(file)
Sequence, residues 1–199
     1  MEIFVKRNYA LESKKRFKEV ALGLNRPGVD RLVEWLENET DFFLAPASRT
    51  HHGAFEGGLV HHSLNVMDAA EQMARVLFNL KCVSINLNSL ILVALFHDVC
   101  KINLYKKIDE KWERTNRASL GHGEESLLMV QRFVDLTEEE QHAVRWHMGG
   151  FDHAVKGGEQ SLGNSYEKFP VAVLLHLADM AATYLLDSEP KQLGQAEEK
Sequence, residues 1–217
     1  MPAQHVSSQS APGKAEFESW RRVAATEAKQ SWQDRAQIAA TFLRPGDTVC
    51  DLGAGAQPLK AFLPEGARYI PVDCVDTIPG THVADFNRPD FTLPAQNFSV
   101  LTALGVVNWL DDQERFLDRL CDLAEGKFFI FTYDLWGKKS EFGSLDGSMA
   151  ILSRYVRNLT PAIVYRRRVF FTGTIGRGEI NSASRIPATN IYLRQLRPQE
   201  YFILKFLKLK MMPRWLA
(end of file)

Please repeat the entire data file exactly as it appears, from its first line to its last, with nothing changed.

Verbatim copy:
Sequence, residues 1–199
     1  MEIFVKRNYA LESKKRFKEV ALGLNRPGVD RLVEWLENET DFFLAPASRT
    51  HHGAFEGGLV HHSLNVMDAA EQMARVLFNL KCVSINLNSL ILVALFHDVC
   101  KINLYKKIDE KWERTNRASL GHGEESLLMV QRFVDLTEEE QHAVRWHMGG
   151  FDHAVKGGEQ SLGNSYEKFP VAVLLHLADM AATYLLDSEP KQLGQAEEK
Sequence, residues 1–217
     1  MPAQHVSSQS APGKAEFESW RRVAATEAKQ SWQDRAQIAA TFLRPGDTVC
    51  DLGAGAQPLK AFLPEGARYI PVDCVDTIPG THVADFNRPD FTLPAQNFSV
   101  LTALGVVNWL DDQERFLDRL CDLAEGKFFI FTYDLWGKKS EFGSLDGSMA
   151  ILSRYVRNLT PAIVYRRRVF FTGTIGRGEI NSASRIPATN IYLRQLRPQE
   201  YFILKFLKLK MMPRWLA